/foot"euhr/, n. 1. Brit. Informal. a. Rugby (def. 3). b. soccer. 2. Archaic. a person who walks; walker; pedestrian. 3. Computers. a line of information placed at the end of a ...
/foot"fawl'/, n. 1. a footstep. 2. the sound of footsteps: She heard a footfall on the stairs. [1600-10; FOOT + FALL] * * *
/foot"fawlt'/, v.i. Tennis. to commit a foot fault. [v. use of FOOT FAULT] * * *
foot·frame (fo͝otʹfrām') n. A structural component in a shoe or boot consisting of a stiff midsole that extends back around the heel, designed to provide stability for the ...
/foot"gear'/, n. covering for the feet, as shoes, boots, etc. [1830-40; FOOT + GEAR] * * *
/foot"hil'/, n. a low hill at the base of a mountain or mountain range. [1840-50, Amer.; FOOT + HILL] * * *
/foot"hohld'/, n. 1. a place or support for the feet; a place where a person may stand or walk securely. 2. a secure position, esp. a firm basis for further progress or ...
/foot"ee/, n. Informal. footsie. * * *
/foot"ing/, n. 1. the basis or foundation on which anything is established. 2. the act of one who moves on foot, as in walking or dancing. 3. a secure and established ...
footing piece
Building Trades. one of a series of horizontal transverse timbers supporting a platform or staging. * * *
/foot"l/, v., footled, footling, n. Informal. v.i. 1. to act or talk in a foolish or silly way. n. 2. nonsense; foolishness; silliness. [1890-95; orig. uncert.; cf. FOOTY] * * *
See footle. * * *
/foot"lis/, adj. 1. lacking a foot or feet. 2. having no support or basis; unsubstantial: footless dreams of glory. 3. awkward, helpless, or inefficient. [1350-1400; ME; see ...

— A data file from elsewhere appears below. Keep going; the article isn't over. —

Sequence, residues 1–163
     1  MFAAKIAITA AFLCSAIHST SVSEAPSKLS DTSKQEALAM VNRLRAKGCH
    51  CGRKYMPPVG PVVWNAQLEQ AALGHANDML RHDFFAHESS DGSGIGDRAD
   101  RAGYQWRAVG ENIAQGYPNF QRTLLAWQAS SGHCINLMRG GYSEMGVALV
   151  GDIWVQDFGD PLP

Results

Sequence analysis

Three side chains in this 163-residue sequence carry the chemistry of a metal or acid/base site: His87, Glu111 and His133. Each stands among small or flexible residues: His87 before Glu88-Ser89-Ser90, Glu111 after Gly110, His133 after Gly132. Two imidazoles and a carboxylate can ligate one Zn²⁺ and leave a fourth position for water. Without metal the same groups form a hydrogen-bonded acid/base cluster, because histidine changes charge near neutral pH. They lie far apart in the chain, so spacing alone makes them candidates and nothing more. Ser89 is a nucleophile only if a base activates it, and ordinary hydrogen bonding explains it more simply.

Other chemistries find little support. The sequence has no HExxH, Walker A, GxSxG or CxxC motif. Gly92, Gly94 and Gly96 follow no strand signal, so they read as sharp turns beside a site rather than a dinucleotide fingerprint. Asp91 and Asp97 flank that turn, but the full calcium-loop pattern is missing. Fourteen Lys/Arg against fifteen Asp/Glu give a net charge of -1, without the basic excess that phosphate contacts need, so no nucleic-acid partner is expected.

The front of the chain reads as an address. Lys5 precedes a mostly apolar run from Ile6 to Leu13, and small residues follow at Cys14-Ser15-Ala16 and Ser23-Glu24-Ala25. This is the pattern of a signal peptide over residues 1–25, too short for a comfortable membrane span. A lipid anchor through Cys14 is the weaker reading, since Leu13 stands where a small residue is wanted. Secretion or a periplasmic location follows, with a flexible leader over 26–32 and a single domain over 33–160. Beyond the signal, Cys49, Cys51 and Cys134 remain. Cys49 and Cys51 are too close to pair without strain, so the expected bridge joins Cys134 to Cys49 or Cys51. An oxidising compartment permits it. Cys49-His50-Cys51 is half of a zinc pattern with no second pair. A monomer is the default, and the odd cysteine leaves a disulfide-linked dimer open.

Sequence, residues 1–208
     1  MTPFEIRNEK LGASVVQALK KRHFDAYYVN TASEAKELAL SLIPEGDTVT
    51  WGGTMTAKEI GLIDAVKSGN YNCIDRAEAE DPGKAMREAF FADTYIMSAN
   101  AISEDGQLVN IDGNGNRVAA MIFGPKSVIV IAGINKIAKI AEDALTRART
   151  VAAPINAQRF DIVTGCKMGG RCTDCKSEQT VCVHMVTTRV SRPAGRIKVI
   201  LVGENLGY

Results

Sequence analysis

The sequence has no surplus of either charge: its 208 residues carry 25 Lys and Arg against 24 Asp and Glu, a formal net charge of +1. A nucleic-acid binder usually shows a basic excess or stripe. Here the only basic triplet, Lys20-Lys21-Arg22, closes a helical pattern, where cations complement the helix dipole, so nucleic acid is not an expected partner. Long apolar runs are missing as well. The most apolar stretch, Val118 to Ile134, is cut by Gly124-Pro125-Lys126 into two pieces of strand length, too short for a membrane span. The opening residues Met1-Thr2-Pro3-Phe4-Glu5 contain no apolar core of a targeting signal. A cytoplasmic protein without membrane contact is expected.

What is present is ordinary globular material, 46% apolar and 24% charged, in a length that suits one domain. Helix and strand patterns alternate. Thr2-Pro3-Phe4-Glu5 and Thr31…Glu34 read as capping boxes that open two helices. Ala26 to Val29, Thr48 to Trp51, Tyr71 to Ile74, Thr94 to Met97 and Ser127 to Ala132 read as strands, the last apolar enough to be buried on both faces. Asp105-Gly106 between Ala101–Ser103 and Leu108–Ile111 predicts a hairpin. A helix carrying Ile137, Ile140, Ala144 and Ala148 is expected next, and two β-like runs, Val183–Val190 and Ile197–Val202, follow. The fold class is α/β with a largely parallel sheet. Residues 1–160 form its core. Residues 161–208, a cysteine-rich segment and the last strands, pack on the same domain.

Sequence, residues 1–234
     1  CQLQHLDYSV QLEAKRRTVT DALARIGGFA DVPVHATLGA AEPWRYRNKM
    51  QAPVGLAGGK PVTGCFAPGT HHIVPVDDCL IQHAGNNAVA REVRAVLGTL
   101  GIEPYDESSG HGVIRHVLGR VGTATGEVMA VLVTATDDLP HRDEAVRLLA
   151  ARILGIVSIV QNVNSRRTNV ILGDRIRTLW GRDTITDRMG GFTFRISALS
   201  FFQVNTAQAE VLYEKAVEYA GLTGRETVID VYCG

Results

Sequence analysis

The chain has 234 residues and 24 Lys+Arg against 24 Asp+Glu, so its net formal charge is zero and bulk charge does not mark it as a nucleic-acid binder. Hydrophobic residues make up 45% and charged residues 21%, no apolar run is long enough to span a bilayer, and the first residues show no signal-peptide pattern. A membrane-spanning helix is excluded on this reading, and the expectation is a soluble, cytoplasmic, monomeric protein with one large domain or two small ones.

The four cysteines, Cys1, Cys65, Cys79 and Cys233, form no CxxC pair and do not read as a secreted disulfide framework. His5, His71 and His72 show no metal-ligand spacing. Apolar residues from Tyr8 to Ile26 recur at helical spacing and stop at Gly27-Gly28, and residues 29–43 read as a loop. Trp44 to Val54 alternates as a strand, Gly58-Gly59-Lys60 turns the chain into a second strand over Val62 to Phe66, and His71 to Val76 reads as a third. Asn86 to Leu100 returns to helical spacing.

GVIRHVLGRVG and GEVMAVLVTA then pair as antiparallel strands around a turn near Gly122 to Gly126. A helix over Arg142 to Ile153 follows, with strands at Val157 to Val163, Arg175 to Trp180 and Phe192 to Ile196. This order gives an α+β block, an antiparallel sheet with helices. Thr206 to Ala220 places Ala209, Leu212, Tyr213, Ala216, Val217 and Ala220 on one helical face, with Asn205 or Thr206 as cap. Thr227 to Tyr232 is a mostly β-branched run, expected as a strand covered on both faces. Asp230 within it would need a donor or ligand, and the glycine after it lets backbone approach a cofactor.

See footless. * * *
See footlessly. * * *
/foot"lit/, n. a low sock for women covering either the whole foot below the ankle or only the toes, worn for protection or warmth. [FOOT + -LET] * * *
/foot"luyt'/, n. 1. Usually, footlights. Theat. the lights at the front of a stage that are nearly on a level with the feet of the performers. 2. the footlights, the stage; ...
footlights [foot′līts΄] pl.n. a row of lights along the front of a stage at the actors' foot level, formerly common in stage lighting —————— the footlights the ...
/foot"ling/, adj. Informal. 1. foolish; silly: ridiculous, footling remarks. 2. trifling or useless. [1895-1900; FOOTLE + -ING2] * * *
/foot"lok'euhr/, n. a small trunk designed to be kept at the foot of a bed, esp. to contain a soldier's personal effects. [1940-45, Amer.; FOOT + LOCKER] * * *
foot·long (fo͝otʹlông', -lŏng') adj. Being about one foot in length: a footlong hot dog. * * *